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The Best Bank for You, 2017

May. 26, 2017 Kiplinger

Banks are on a mission to cut costs and raise revenues, and customers are getting caught in the cross fire. Fees on basic checking and the requirements to avoid them have been steadily increasing, and interest-bearing checking accounts tend to load on so many fees that the paltry rates they pay hardly matter. In the 2016 Bankrate survey of checking accounts, the average yield ticked up to 0.06%, and the average balance required to avoid a monthly fee surged to $7,037.

But some institutions are making all the right moves to win satisfied customers. To identify the crème de la crème, Kiplinger is introducing its list of best banks and credit unions. We’ve picked a first-place winner and runner-up (except in the case of a tie) among national banks, nationally available credit unions and internet banks, plus the best bank in each of four regions. To make our choices more personal, we’ve also named a top institution and runner-up for each of six wide-ranging profiles: high-net-worth families, retirees, frequent travelers, millennials, students and military service members.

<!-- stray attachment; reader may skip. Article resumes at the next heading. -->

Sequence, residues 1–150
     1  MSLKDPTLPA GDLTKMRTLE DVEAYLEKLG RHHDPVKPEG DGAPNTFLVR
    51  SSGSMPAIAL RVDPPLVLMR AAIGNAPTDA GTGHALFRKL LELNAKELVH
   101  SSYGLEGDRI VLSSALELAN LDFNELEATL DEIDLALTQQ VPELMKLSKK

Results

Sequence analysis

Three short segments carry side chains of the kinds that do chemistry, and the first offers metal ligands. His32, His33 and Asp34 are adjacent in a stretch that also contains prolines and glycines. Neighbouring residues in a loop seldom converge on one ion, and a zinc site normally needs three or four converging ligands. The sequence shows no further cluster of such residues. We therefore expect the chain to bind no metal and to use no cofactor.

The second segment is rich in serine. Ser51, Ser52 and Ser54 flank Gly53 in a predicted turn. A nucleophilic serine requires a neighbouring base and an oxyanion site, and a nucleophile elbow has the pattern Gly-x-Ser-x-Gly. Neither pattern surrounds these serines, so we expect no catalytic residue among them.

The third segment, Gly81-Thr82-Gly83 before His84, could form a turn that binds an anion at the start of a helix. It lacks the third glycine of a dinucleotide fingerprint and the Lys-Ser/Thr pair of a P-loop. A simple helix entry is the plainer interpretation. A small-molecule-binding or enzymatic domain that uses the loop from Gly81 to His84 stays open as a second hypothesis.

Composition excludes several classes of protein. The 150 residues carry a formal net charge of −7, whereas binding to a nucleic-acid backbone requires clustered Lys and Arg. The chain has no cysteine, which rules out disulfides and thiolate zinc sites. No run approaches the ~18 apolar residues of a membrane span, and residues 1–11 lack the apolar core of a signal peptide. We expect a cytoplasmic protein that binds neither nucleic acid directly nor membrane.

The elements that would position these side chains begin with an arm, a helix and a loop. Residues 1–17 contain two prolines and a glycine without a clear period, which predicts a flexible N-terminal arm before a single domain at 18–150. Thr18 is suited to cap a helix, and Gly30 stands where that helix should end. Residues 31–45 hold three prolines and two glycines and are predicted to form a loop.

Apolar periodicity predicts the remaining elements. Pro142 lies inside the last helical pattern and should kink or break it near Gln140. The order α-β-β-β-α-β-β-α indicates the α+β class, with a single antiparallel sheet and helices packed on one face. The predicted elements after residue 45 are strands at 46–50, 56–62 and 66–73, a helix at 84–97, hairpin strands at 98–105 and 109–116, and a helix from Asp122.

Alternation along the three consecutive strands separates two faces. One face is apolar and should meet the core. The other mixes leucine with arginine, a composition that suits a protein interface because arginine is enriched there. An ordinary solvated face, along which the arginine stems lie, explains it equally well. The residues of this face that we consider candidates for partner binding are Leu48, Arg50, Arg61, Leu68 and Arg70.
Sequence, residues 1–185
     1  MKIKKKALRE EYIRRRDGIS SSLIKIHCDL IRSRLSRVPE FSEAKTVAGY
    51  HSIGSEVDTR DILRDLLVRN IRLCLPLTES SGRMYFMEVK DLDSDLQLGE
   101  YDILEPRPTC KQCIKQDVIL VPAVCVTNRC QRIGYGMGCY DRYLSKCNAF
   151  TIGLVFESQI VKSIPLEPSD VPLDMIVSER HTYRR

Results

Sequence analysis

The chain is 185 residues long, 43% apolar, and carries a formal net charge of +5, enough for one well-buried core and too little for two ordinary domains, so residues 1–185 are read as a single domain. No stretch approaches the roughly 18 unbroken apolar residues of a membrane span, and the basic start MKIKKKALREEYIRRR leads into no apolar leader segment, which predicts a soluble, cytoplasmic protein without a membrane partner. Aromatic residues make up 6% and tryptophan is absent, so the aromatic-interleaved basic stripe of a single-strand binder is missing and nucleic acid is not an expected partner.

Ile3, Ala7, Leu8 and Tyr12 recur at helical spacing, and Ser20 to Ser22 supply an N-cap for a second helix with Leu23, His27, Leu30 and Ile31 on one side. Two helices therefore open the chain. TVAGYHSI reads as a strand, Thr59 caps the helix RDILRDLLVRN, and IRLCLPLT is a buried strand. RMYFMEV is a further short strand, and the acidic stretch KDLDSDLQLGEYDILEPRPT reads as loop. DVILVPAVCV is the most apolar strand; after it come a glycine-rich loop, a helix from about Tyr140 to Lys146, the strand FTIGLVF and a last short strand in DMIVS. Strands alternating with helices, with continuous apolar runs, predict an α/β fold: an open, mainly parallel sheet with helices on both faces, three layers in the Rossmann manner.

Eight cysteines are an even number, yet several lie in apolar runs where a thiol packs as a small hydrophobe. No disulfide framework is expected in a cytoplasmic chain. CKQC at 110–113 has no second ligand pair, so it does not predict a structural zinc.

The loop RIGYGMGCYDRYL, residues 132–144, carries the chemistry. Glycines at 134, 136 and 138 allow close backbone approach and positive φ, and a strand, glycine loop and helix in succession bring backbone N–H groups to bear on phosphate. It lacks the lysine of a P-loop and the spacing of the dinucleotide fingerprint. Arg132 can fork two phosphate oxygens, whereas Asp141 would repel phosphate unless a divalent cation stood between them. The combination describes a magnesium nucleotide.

To gather the thousands of bits of data necessary to rank the winners, Kiplinger turned to Moebs Services, an economic research firm in Lake Forest, Ill., that advises financial institutions. The top institutions on our list have a mix of no-fee and low-fee basic and interest checking, plus competitive yields on savings, money market deposit accounts and certificates of deposit. They often reimburse ATM fees, and some offer special perks for students and seniors. And they tend to do digital well, with easy-to-navigate websites and responsive social media teams.

Technology that allows you to bank with your smartphone has made banking services more convenient. It’s also disrupting the traditional (and high-cost) brick-and-mortar-branch model. So it’s no surprise that a number of our top picks for the profiles are internet banks or credit unions that have harnessed technology most effectively. Branches are closing at a rapid pace, and of the nearly 12,000 banks, thrifts and credit unions in the U.S., only half will remain a decade from now, says Mike Moebs, CEO of Moebs Services. The institutions that can hold down expenses while attracting depositors will be the winners. “The best banks are going to be the ones that can handle as much information as possible and clearly present it to their customers,” says Moebs.


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